I remember a midnight bush ride. Bouncing in the back of a vehicle, shining an arc lamp into the dense trees, stealing myself for a view of something other worldly. I got my wish when bush baby eyes stared back at me, and as the light beam passed, so did she. Legs scurried in the undergrowth. We heard them, so we stopped, turned down the light, and listened as the leaves crinkled with the dying heat, and somewhere a bird screeched.
I miss Africa. I miss the hair on my arms rising to a primordial sound. I miss eating fruit from the trees and wondering if it will mean a night with tummy cramps or a night feeling exotic and far away from home and overwhelmingly free. Strangely, I miss the drums of settlements, of women walking along high ridges at dawn, making their way to fields and crops and hard labour for the day, yet singing an awake lullaby.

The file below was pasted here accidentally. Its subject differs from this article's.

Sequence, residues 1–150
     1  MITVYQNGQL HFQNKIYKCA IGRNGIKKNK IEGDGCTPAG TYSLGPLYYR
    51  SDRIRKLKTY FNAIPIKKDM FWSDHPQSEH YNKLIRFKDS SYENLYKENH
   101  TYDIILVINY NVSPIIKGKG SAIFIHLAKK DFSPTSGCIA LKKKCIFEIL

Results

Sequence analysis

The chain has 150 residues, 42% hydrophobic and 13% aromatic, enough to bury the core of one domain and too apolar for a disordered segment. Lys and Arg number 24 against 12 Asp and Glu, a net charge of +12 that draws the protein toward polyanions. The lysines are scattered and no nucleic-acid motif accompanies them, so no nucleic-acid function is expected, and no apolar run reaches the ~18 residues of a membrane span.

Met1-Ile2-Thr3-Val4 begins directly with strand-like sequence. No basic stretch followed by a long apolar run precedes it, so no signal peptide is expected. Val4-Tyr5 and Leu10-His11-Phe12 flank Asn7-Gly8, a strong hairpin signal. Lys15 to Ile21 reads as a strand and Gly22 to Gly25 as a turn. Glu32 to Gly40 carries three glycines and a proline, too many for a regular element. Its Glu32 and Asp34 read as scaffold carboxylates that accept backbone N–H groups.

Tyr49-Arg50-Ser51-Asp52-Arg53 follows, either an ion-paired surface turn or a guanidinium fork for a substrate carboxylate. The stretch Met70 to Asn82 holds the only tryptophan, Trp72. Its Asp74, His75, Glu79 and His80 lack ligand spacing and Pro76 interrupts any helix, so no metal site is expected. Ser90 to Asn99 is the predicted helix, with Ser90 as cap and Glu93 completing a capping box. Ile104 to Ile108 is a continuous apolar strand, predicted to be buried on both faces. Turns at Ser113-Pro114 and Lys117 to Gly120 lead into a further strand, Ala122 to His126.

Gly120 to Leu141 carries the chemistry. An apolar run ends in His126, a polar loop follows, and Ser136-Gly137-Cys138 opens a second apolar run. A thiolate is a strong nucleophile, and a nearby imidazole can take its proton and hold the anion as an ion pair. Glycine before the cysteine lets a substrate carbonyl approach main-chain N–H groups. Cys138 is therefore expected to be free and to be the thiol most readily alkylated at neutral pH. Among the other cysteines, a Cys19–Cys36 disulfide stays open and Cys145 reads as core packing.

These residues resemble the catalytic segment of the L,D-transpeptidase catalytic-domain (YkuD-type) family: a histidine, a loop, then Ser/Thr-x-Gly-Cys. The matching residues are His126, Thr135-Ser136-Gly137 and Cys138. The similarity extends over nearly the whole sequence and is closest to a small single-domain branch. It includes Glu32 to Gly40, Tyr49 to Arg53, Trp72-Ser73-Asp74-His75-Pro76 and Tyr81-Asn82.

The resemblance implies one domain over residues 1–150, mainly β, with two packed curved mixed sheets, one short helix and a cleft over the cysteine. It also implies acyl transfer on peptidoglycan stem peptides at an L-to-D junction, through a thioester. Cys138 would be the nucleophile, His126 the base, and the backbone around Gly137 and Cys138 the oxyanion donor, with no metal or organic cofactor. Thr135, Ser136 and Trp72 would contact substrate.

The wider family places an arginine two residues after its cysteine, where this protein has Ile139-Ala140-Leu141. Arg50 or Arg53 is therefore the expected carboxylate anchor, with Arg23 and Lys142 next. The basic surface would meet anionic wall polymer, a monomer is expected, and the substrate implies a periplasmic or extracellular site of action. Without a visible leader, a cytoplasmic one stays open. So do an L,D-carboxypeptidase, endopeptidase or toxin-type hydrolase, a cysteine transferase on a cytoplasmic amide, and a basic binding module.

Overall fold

I remember the roadside markets at night, lit with kerosene lamps, making a road brighter than bright. Twinkly, like Christmas, but smelling of mangoes and bananas, and children running around free in the cool and dust, laughing, not noticing they were poor.
So I am glad of the drying grass and the wink of the veld and the memory of a distant home.